Dr. Margaret (Peggy) Perkinson, PhD, Center On Aging Director
Dr. Margaret A. Perkinson, received her doctorate in Human Development and Aging, with a specialization in Medical Anthropology from the University of California, San Francisco. She has been involved in gerontological research and education for over 35 years. She has served on the faculty of Washington University in St. Louis, Saint Louis University, and University of Missouri in Kansas City and as Senior Research Scientist at the Philadelphia Geriatric Center. Her research on family care giving, dementia, long-term services and supports, and service learning in the U.S., Guatemala, and China has been funded by NIH/ NIA, AARP-Andrus Foundation, the Alzheimer’s Association, the Illinois Department on Aging, the Missouri Alzheimer’s Advisory Board, and the Administration on Aging. She is an elected fellow of the Gerontological Society of America, the Association for Gerontology in Higher Education, and the Society of Applied Anthropology. She is editor-in-chief of the Journal of Cross-Cultural Gerontology and her most recent textbook, Occupational Therapy with Aging Adults: Promoting Quality of Life through Collaborative Practice, was co-edited with Karen F. Barney, PhD, OTR/L, FAOTA and published by Elsevier Publishers. Dr. Perkinson’s C.V.
Dean Noreen Mokuau, D.S.W., Myron B. Thompson School of Social Work, Barbara Cox Anthony Endowed Co-Chair in Aging
Dean and Professor Noreen Mokuau has been at the MBT SSW since 1983. She received her MSW in 1977 from the University of Hawai`i at Mānoa and her DSW in 1982 from the University of California, Los Angeles. She is the Barbara Cox Anthony Endowed Co-Chair in Aging. Her work examines social determinants of health with an emphasis on Native Hawaiians. Presently, she is Multiple Principal Investigator of the NIMHD RCMI Multidisciplinary and Translational Research Infrastructure Expansion grant (RMATRIX II), and Co-Investigator of the US DHHS ACL grant (Hā Kūpuna National Resource Center for Native Hawaiian Elders). Dean Mokuau has edited three books, published numerous journal articles, book chapters and technical reports, and given many presentations on cultural competency and social services for Native Hawaiians, Pacific Islanders and Asian Americans. From the University, she has received the UH Regents Excellence in Teaching Award and the UH Community Service Award; and from the community, she has received the O`O Award from the Native Hawaiian Chamber of Commerce, the Lifetime Educator Award from the National Association of Social Workers-Hawai`i Chapter, and the Educator of the Year Award from the Native Hawaiian Educators Association. She presently serves on the Council on Social Work Education’s (CSWE) Commission on Diversity and Social and Economic Justice and the National Association of Deans and Directors of Social Work (NADD) Board of Directors.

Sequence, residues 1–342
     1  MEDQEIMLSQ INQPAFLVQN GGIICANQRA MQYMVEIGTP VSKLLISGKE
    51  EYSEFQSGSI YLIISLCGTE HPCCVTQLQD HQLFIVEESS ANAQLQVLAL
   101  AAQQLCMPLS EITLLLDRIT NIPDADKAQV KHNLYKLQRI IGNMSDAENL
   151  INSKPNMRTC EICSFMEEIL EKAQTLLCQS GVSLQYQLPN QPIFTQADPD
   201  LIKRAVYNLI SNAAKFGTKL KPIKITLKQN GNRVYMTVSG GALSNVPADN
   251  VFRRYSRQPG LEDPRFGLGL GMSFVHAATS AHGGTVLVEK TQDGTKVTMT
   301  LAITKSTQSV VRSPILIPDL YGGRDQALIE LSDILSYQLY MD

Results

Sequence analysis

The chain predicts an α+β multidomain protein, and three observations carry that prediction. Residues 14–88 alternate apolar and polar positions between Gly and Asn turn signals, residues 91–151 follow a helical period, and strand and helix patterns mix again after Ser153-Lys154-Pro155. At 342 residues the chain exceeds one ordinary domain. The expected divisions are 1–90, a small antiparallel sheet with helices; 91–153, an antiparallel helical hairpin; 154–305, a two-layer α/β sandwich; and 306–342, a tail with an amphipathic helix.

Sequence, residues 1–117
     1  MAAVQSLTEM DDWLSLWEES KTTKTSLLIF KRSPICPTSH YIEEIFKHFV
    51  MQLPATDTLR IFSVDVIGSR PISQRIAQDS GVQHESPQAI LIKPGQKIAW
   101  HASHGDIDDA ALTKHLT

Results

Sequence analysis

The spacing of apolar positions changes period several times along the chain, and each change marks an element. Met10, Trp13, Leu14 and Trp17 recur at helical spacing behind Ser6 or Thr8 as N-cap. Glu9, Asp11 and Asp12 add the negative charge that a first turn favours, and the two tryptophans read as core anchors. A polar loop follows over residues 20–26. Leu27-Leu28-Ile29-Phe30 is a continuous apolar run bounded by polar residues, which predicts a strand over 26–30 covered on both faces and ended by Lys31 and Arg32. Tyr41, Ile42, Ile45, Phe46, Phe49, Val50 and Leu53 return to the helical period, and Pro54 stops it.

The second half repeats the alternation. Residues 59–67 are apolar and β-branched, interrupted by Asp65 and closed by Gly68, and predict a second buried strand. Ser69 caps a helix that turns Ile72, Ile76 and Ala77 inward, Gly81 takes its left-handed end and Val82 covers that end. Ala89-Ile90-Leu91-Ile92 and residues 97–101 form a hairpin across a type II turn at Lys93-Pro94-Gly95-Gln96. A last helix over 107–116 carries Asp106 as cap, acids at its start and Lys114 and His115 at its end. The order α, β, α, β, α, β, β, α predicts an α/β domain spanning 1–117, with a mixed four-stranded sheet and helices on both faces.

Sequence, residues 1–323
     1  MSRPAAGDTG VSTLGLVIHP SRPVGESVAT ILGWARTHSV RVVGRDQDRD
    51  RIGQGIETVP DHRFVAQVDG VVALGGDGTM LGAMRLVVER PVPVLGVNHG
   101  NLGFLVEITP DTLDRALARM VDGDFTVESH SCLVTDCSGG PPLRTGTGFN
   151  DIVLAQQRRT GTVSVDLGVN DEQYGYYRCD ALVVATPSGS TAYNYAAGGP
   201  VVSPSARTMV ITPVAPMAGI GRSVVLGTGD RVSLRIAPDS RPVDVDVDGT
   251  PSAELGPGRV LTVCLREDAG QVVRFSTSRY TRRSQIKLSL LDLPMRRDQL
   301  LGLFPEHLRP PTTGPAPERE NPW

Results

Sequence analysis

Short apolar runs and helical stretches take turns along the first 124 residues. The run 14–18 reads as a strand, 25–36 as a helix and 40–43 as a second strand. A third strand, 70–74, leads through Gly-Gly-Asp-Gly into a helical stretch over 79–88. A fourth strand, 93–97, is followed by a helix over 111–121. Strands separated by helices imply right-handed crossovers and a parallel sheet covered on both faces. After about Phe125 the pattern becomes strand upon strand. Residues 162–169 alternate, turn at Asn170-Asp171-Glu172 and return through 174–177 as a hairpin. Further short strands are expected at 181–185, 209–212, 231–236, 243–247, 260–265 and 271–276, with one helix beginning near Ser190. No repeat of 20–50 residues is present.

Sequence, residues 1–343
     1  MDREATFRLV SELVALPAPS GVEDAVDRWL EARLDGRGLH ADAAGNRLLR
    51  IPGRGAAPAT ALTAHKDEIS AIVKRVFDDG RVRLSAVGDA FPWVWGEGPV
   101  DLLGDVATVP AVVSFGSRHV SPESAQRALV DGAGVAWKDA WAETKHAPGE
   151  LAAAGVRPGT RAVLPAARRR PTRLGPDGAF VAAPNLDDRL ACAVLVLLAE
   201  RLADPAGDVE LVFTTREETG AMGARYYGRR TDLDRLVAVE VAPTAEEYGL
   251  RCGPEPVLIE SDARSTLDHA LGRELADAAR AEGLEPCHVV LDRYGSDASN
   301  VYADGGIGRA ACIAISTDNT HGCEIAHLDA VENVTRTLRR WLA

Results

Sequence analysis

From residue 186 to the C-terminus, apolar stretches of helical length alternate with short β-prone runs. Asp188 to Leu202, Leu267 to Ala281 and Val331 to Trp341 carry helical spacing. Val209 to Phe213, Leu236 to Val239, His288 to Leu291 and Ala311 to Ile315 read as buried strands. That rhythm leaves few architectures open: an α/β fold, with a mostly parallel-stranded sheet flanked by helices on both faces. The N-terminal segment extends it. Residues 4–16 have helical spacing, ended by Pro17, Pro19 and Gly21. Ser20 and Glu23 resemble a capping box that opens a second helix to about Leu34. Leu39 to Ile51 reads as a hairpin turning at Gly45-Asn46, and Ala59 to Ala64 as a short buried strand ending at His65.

Kathryn Braun, DrPH, Director of the Office of Public Health Studies, Barbara Cox Anthony Endowed Co-Chair in Aging
Dr. Kathryn L. Braun is Director of OPHS, Professor of Public Health, and Chair of the DrPH Program. She is Co- Principal Investigator and Research Director of ‘Imi Hale — Native Hawaiian Cancer Network, which is funded through a grant to Papa Ola Lōkahi (a Native Hawaiian Health organization) from the National Cancer Institute (NCI). In this role, she mentors Native Hawaiians who want to expand their skills in research, grant writing, and publishing. She also is Co-Lead of the Community-Based Participatory Research Core of RMATRIX, an infrastructure grant based in the John A. Burns School of Medicine to support translational research to reduce health disparities. She has a joint appointment with the Myron B. Thompson School of Social Work, where she serves as Co-Investigator of the National Resource Center for Native Hawaiian Elders.
Christy Nishita, Ph.D., Researcher and Gerontologist
Christy Nishita, Ph.D. is an Associate Specialist at the University of Hawaii Center on Aging and Center on Disability Studies. She received her Ph.D. in Gerontology from the University of Southern California. Her focus is on improving community-based long-term care, with publications on aging in place, nursing home transitions, intergenerational programming, and health promotion. She is the consultant for the Mayor’s Age-Friendly Honolulu Initiative, fostering community intergenerational partnerships and conducting the evaluation. Dr. Nishita is also Principal Investigator for Hawaii’s Alzheimer’s Disease Initiative, a 3-year grant from the Federal Administration for Community Living. She is also evaluator for the Hawaii Going Home Plus project, a federal Centers for Medicare and Medicaid Services grant. She is the recipient of the 2016 Na Lima Kokua Award in the Research/Teaching category, given by the Hawaii Pacific Gerontological Society. She is also Co-Coordinator for the Journal of Intergenerational Relationships, From the Field section as well as member of the Association for Gerontology in Higher Education’s Intergenerational Learning and Research Committee.
Dejah Fa’asoa, B.A. PH, Administration and Fiscal Support
Dejah Fa’asoa is the administration and fiscal support for the Center on Aging. She received her Bachelor’s degree in Public Health from the University of Hawaii at Manoa in the Spring of 2017. She is passionate about Public Health and maternal and child health care, and her existing research focus is on Cultural Competency and prenatal care among Pacific Island women in Hawaii. After obtaining her Bachelor of Arts degree she plans to further her education in Public Health by getting her Masters degree in the maternal and child health.